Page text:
levantia title



Female dress

The Empress

A senior court lady

Traditional dress

Affluent casual

“Ethnic” style

Theatre costume

A woman of the high aristocracy

The traditional treatment of Byzantine clothing and its terminology in most currently available costume books, and, indeed, in older scholarly works,1 is characterised by utter distortion. Within the last decade a few academic publications have improved the situation a little, but mostly not in ways that would help anyone wanting to make clothing that a non-royal person would wear.2 The bulk of material on the World Wide Web is very much worse. Even the Latin terminology is used in ways that have only a tenuous resemblance to primary sources, and no account is taken of the fact that Greek was the dominant language of most of the Roman Empire throughout its history, and had completed its take over of even elite literature and government by the sixth century. Through Late Antiquity and the Middle Ages the language itself changed. New words were assimilated and some old words and usages adapted. The pictorial art that people who research dress superficially rely upon so much largely masks these changes, for the most sumptuous aristocratic art (that is the art that has been normally selected by Art Historians for reproduction) was conventionally constrained to a greater or lesser degree of stylisation. Thus, by the tenth century both the clothing and the terminology was very different from what is commonly believed today.

See the author’s major work, By the Emperor’s Hand: Court Regalia and Military Dress in the Eastern Roman Empire, Frontline Books, Barnsley 2015, for a compandious exposition.

This outfit is predominantly based upon pictorial sources of the eleventh century, with reference to tenth century literary sources.3 The ensemble consists primarily of a delmatikion (dress) and esôforion (chemise), a propolôma (hat) and vêlarion (headscarf).

(Run your mouse onto the picture for full-length front view, and off again for a full back view.)

In the Earlier Roman Empire the dalmatica was a tunic with wide sleeves worn by any of the sexes (men, women and eunuchs). Originally this simply meant that the sleeves did not taper to the wrist. From the fourth century the term was adapted into Greek as δελμάτικη / delmatikê and later δελματίκιον / delmatikion (plural=delmatikia). Near the end of Late Antiquity both the garments and terminology began to evolve in different directions. The term κωλόβιον / kôlovion, originally a sleeveless tunic, supplanted delmatikion for the male garment which continued in the old form. Women’s delmatikia, in contrast, continued with the name and began to develop wider sleeves. Initially this meant only a modest flare. That style continued through into the eleventh century, but by the tenth century the height of fashion for women of the high aristocracy decreed a large drop of almost three-quarters of a metre at the cuff. These trends were imitated by fashion in Europe leading to the wing-sleeve dresses which are such a well known feature of western aristocratic women’s clothing in the late eleventh and twelfth centuries. A close-fitting round neck was the original form of this dress and that style carried through. This v-neck with lapels and back-flap came to be the height of fashion no later than the early eleventh century, possibly based upon a Persian style known to have existed in the tenth century.4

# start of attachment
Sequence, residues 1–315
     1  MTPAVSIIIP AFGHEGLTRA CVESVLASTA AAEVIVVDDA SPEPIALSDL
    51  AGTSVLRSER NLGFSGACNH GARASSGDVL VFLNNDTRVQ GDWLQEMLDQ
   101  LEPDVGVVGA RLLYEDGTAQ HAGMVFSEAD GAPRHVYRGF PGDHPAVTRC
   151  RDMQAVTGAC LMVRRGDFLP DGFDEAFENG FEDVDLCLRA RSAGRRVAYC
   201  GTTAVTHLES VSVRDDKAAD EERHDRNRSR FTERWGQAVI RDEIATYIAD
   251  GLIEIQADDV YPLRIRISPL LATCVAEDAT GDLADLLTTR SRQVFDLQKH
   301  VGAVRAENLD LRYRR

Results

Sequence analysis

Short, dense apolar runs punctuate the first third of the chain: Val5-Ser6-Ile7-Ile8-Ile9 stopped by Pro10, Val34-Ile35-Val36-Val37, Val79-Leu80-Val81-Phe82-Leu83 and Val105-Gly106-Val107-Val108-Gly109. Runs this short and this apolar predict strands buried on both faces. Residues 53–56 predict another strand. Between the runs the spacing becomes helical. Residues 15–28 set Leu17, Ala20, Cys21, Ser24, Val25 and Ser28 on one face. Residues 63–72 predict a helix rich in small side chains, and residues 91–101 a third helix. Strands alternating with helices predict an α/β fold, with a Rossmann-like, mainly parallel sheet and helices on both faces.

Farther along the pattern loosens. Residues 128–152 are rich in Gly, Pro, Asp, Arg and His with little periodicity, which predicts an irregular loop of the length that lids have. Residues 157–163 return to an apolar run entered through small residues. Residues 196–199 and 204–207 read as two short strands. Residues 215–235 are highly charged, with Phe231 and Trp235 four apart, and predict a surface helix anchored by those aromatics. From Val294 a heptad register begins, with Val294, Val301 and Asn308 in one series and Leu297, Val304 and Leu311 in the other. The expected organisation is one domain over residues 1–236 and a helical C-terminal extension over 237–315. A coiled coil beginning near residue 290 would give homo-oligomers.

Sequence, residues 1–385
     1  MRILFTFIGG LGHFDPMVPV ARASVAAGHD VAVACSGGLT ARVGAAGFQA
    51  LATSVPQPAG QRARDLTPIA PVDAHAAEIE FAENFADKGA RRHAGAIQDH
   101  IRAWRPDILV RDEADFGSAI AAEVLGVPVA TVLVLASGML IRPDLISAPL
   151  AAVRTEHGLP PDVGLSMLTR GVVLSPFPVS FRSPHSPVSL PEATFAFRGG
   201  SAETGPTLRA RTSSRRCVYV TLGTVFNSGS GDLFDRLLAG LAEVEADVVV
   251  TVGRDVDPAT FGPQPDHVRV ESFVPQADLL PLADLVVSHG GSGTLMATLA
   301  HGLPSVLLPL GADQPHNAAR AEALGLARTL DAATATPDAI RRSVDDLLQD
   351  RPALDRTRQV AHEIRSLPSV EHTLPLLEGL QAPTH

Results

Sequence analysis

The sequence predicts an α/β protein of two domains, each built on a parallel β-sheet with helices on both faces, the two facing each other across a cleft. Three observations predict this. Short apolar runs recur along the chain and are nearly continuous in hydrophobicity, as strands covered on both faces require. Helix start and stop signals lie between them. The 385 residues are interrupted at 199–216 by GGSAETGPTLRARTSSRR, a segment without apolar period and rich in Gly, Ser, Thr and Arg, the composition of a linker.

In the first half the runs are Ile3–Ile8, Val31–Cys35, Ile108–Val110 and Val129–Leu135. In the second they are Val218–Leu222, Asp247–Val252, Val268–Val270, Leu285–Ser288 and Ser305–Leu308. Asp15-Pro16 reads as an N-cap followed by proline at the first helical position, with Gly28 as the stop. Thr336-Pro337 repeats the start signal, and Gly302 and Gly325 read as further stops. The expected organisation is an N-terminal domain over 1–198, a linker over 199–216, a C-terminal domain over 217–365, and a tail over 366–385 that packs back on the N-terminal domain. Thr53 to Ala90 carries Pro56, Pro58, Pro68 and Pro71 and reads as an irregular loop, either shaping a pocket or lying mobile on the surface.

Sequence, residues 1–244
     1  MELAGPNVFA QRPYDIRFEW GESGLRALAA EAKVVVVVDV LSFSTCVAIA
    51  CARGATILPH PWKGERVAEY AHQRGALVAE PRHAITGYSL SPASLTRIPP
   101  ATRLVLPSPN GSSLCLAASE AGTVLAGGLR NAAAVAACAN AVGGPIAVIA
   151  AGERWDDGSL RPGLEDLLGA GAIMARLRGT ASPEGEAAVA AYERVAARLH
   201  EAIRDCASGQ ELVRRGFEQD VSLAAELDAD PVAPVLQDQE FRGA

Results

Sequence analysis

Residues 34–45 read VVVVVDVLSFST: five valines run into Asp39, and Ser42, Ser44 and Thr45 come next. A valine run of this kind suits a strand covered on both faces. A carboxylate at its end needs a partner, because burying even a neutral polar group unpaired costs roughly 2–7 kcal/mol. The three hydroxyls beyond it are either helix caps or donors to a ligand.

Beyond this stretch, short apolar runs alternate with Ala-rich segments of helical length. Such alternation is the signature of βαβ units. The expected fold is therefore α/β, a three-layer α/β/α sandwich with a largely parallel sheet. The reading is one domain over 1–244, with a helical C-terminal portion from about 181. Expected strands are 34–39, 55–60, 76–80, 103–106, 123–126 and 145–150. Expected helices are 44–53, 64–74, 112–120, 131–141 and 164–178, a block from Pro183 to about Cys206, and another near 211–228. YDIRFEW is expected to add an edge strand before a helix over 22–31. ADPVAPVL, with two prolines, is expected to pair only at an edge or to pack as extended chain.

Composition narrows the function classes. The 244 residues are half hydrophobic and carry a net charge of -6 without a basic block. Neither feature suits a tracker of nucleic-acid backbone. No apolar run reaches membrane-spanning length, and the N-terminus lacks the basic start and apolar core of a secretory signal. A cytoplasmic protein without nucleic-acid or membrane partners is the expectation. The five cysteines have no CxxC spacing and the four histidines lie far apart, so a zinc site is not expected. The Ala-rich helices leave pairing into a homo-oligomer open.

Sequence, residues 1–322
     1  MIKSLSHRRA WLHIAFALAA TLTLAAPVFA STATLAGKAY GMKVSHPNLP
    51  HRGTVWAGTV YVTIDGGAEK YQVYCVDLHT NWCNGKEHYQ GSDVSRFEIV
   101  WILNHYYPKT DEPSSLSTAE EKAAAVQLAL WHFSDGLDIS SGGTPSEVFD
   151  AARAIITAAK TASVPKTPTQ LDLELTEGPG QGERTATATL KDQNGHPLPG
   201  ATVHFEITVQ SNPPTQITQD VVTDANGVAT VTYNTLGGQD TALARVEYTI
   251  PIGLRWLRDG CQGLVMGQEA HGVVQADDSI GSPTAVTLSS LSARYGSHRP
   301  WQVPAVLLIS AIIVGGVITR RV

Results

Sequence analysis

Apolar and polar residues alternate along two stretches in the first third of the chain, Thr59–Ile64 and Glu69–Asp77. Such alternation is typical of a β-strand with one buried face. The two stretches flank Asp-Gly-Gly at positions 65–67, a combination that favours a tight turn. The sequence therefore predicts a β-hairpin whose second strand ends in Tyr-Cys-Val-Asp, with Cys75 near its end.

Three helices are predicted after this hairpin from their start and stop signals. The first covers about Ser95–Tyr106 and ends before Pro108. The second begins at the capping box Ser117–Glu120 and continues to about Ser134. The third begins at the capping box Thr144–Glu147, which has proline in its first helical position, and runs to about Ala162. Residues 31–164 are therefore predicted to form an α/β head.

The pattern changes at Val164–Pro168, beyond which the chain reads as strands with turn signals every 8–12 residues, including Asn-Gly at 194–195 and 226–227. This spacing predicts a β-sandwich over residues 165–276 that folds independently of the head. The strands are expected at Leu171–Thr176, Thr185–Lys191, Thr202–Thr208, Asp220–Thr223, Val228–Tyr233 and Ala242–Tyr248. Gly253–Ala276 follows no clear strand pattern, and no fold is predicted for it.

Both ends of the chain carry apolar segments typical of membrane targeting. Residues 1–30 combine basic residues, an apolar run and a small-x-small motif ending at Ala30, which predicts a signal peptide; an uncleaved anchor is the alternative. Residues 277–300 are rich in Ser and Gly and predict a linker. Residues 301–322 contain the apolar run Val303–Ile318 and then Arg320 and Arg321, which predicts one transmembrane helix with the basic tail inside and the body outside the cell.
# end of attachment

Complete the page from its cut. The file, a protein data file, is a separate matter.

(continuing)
The standing collar was a unique characteristic of Roman ἐσωφόριον / esôforion (shirt or chemise) introduced no later than the late tenth century.

The term προπόλωμα / propolôma originally designated the padded headroll seen on sources like the Empress and ladies mosaic in St. Vitale, Ravenna. In the tenth and eleventh century it seems to have been transferred to these extravagant hats.
βηλάριον / vêlarion was the name for the headscarf, while μαφόριον / maforion came to refer to a particular stylised form used as formal court regalia.5

This sort of outfit would rarely have been seen outside private quarters, but should it be so, it would be covered with a half-circle cloak broached centre-front called a μανδύας‚ / mandyas or μάντιον / mantion. (See the page entitled “A Typical Outfit”.)

Embroidery by Edith Castro to a pattern and design by Timothy Dawson. Construction by Timothy Dawson


  1. N. P. Kondakov, ‘Costumes Orientaux à la Cour Byzantine’, Byzantion 1, 1924, p. 7-49, is a notable early excursion which I set out to counter in ‘Oriental costumes in the Byzantine Court Reconsidered’, Byzantion 75, 2005, 97–114, which you can download here. Elizabeth Piltz has published various works which do more to confuse the subject than to clarify it. back to text
  2. Such as Maria Parani, Recovering the Reality of Images: Byzantine Material Culture and Religious Iconography, Brill, Leiden, 2003 and Jennifer Ball, Byzantine Dress: Representations of secular dress in eighth to twelfth-century painting, Palgrave-MacMillan, New York, 2005. Back to text
  3. Pictures: Smyrna Evangelical College, codex 9 B. 8, p. 74, Vatican Gr. 752, f. 449v. Text: De Cerimoniis Aulae Byzantinae, ed. I. Reiske, Bonn, 1836. back to text
  4. Textile Museum, Washington, inv. 3.116. Back to text
  5. de cerimoniis, vol. I, ch. 50 and vol. II, ch. 24. back to text